For my wife, Elizabeth, and me, winter doesn’t arrive until the first of each year. From now until spring is our finest season. She doesn’t have to keep her gallery-studio on the town square in Bryson City open all the time. And I don’t have to travel conducting workshops. We spend more time at our place west of town. Keeping the wood fires burning. Catching up with reading. Enjoying the way the pathway winds slowly downstream along the creek. Suddenly noticing a high ridge shimmering with light.

After summer’s haze and the muted tones of autumn, we’re confronted not with the gloom we tend to anticipate, but with a clarity that sharpens the senses. Some part of the effect, of course, is that there is less moisture in the air in winter. We do in reality see more clearly — so much so, that objects appear to be nearer. Have you ever noticed how much closer the mountains seem in winter? You could almost reach out and touch them. Come spring, they will recede.

In the same manner and perhaps due to the same causes, sounds become more clearly defined in winter. What are the characteristic sounds of this season? Paradoxically, they are the ones heard from a distance that seem to be nearby.

From a ridge overlooking our cove, there is a spot where I can sit in the pale early-morning sunlight beneath a rock ledge that provides shelter from the wind. If I shut my eyes, a rooster’s call or the roar of a distant chainsaw or a truck engine starting up seem to be occurring just yards away. Voices carry in the crisp air: snatches of distant conversations can be deciphered. From high overhead the strident cry of a red-tailed hawk pierces the air.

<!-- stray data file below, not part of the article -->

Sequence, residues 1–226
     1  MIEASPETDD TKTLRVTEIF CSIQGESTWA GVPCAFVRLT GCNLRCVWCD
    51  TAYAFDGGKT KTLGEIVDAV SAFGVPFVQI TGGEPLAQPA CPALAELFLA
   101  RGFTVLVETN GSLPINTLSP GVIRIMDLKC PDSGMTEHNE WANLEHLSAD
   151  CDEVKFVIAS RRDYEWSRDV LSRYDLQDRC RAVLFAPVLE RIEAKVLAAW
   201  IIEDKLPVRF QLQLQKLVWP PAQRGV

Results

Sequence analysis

Perhaps the most characteristic sounds of winter are those created by the wind: the rustling movements of air passing through a field ... the monotonous scraping of tree limbs against one another. Or at times, you can hear a patch of icy woodlands roaring in the wind. The poet Robert Burns observed in one of his letters: “There is scarcely any earthly object gives me more — I do not know if I should call it pleasure — something which exalts me — something which enraptures me — than to walk in the sheltered side of a wood in a cloudy winter day, and hear the stormy wind howling among the trees, and raving over the plain. It is my best season of devotion.”

After a lifetime of working with paint, Elizabeth has a keen sense of the colors viewed in a natural landscape. For her, there is almost no pure white light — not even in winter.

“Look,” she will say, “at the lavender shadows on that far mountainside. And see how the clouds are reflecting the setting sun down into the valley.”

Scaled down to essentials, our earthly haven becomes more distinct, more exhilarating. It’s a time for seeing things as they are, for paying closer attention to the world about us while we can.

Happy New Year.

George Ellison wrote the biographical introductions for the reissues of two Appalachian classics: Horace Kephart’s Our Southern Highlanders and James Mooney’s History, Myths, and Sacred Formulas of the Cherokees. In June 2005, a selection of his Back Then columns was published by The History Press in Charleston as Mountain Passages: Natural and Cultural History of Western North Carolina and the Great Smoky Mountains. Readers can contact him at P.O. Box 1262, Bryson City, N.C., 28713, or at This email address is being protected from spambots. You need JavaScript enabled to view it..

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